“Tough sledding there,” Gardner says. “We submitted what we believed was a world-class representation of a barrel-aged beer. So that was a tough pill to swallow.”
But there was no other choice. The World Beer Cup, a highly respected biennial affair, had to be canceled as its host, the Boulder-based Brewers Association, and the rest of the country faced the terrifying beginning of the COVID-19 pandemic in March and a shortage of hand sanitizer and other much-needed supplies for front-line responders. As a result, the BA dumped thousands of contest entries so they could be put to communal use.
“I totally respect what the BA did,” Gardner adds. “Being safe is far more important than a beer competition. Sometimes it's hard to remember, when your life is making beer.”
The virus has also forced the organization to cancel the public part of the Great American Beer Festival, which had been slated for late September. In its place, the BA will hold a virtual fest designed to drive people to their local breweries. It will also go forward with the competition and the judging; brewery registration for the festival just closed last week, and submissions will be sent to Colorado in August.
In fact, the competition, now in October, could be the biggest one ever, because the BA is allowing breweries to enter up to ten beers in 2020, more than twice what had been allowed for the past few years. (Side note: In addition to the added beers, the BA has also reversed a previous decision, saying that "groups that own multiple breweries/have multiple locations will not be limited to an entry cap across all locations.")
of recent layoffs related to event cancellations, hasn’t released details about how it plans to handle the judging. Normally, judges fly into Denver from around the world to lend their services. Since that won’t be possible this year, the BA will have to find enough local representatives (322 judges from eighteen countries participated in 2019) — and do their sampling in a socially distanced and sanitized setting. As such, it may take several weeks to finish as opposed to the typical three days.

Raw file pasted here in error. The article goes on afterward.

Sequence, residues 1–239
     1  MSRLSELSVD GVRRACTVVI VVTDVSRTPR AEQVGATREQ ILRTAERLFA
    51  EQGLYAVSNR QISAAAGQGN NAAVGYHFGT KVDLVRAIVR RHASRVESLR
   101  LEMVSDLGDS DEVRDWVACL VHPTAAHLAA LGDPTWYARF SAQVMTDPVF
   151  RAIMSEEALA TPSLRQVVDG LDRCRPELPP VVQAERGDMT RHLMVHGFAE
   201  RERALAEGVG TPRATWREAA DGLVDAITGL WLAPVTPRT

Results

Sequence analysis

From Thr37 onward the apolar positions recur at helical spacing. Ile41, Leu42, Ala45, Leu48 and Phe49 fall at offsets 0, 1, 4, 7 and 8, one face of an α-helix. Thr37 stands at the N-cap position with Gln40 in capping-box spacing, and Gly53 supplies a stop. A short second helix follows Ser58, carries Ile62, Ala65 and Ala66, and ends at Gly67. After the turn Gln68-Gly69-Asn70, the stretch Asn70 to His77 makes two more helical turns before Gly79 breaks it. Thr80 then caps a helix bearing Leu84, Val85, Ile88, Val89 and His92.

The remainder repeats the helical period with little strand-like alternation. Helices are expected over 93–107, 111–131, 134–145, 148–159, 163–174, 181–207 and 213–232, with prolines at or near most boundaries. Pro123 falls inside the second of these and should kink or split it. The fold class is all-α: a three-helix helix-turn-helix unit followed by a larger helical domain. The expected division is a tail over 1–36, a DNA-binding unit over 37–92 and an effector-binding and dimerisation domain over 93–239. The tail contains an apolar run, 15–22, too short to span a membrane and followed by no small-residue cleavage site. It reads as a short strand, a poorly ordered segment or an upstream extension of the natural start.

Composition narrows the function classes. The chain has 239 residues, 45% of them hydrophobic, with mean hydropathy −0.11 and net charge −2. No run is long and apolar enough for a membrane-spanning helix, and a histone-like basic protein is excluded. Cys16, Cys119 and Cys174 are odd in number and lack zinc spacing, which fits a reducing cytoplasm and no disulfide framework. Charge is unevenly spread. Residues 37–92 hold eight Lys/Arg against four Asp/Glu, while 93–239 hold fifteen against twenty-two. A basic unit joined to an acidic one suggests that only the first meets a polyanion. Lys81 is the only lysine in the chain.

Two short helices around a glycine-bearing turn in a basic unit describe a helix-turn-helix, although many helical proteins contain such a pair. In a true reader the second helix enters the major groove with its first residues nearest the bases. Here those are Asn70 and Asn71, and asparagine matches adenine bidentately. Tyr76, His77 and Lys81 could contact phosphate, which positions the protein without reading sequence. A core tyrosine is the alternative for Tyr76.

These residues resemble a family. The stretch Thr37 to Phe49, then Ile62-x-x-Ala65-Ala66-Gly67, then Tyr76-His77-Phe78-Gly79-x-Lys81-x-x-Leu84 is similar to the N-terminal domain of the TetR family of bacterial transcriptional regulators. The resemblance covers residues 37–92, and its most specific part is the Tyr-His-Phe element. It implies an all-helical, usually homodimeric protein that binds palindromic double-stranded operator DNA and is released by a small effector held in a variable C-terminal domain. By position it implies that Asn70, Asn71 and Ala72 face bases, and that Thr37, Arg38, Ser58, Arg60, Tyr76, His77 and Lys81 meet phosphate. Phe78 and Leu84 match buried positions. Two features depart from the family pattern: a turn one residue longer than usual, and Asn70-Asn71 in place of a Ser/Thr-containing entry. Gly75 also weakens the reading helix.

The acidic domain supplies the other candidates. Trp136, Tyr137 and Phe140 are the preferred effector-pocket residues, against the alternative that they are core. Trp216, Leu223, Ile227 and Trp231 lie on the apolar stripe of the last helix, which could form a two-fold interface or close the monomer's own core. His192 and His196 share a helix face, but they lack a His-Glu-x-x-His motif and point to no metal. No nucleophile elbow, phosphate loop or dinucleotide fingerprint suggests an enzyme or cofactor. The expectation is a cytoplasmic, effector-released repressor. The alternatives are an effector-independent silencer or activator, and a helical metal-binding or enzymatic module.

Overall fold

Westbound & Down plans to take full advantage of that, submitting sours, barrel-aged stouts and at least five IPAs, the style that the brewery is most known for. The brewery’s Westbound Double IPA took gold in 2019 over several hundred competing entries, something Gardner says was both amazing and humbling.
The Idaho Springs brewery isn’t the only one planning to defend multiple medals, however. WeldWerks Brewing, Comrade Brewing, Cannonball Creek Brewing and Vail Brewing all took home more than one piece of treasure in 2019. All told, Colorado won forty GABF medals in 2019, up ten from the previous year.
“GABF went really well for us, and we...will be competing again this year,” says Comrade Brewing’s David Lin, though he noted that one of the best parts of winning won’t take place. “It will be a completely different experience. Not sure if Charlie Papazian would have been back this year on the stage if the pandemic didn't happen, but it's the highlight for the medal winners and probably won't happen for winners this year,” he says about the founder of the BA, who is well known for fist-bumping all the winners on stage each year.
Unlike Westbound, Comrade was spared the pain of seeing its best beer recycled as hand sanitizer: Lin says the brewery hadn't submitted its entries yet and ended up drinking them with friends.
So, how will Colorado breweries fare this year? "Colorado cleaned up last year with forty," Gardner says. "I’m a homer, but I wouldn't be surprised if it was fifty this time."